Kim urges ‘arduous march’ amid North Korean economic woes

Seoul, Apr 9 (efe-epa).- North Korea’s leader has urged the ruling Workers’ Party to wage another “arduous march”, a state campaign during a period of famine in the 1990s, amid the country’s economic woes due to sanctions and the coronavirus pandemic, state news agency KCNA reported Friday.

Kim Jong-un made this reference in a speech at the closing of a conference of cell secretaries of the Workers’ Party held in Pyongyang on Thursday.

The North Korean leader said that he has decided to ask party members at different levels “to wage another more difficult ‘Arduous March’ in order to relieve our people of the difficulty” and also to “provide them with the optimum material and cultural wellbeing.”

The “arduous march” was a state propaganda campaign that began in 1993, in which North Koreans were urged to take inspiration from the tribulations that the country’s founder, Kim Il-sung – the current leader’s grandfather – allegedly suffered during his fight against Japanese colonization, to face a famine that caused around 3 million deaths.

“There are many obstacles and difficulties ahead of us, and so our struggle for carrying out the decisions of the Eighth Party Congress would not be all plain sailing,” Kim warned the cell secretaries gathered in Pyongyang, without making more specific references.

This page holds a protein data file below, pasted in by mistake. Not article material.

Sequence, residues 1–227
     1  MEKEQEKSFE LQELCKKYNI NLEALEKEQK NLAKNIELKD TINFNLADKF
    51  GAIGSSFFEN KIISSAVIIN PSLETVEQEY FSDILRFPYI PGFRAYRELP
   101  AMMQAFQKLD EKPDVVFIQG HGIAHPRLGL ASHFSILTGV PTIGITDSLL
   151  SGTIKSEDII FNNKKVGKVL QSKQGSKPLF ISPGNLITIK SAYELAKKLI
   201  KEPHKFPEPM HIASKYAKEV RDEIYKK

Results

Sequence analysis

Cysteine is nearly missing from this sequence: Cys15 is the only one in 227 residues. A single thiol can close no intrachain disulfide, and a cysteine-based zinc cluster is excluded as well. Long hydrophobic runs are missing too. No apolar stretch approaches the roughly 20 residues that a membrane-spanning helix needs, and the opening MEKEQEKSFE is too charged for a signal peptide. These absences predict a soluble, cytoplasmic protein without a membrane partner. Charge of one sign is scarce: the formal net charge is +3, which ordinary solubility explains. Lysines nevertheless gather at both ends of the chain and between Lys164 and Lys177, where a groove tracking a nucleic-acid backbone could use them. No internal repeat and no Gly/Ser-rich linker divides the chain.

At the Workers’ Party congress in January, Kim admitted that North Korea was going through its “worst-ever trials” in reference to the economic hardships caused by the sanctions imposed on it in response to its weapons’ programs.

Added to this are the economic difficulties resulting from the pandemic. The impoverished country closed its borders in January 2020, preventing the entry of tourists and foreign investment.

Strict border controls have even almost completely eliminated trade with China since October, according to Beijing’s customs data.

North Korea gets 90 percent of its imports from its powerful neighbor, and media outlets with contacts inside the hermetic country have reported shortages of basic goods, from food to medicine, for months.

The situation of extreme isolation has also forced many diplomats and workers from international organizations and NGOs to leave the country with practically no observers outside the regime remaining.

In its latest report to the World Health Organization (WHO) at the end of March, North Korea claims that it had tested 22,389 people without detecting a single Covid-19 case. EFE-EPA


Related Articles

Back to top button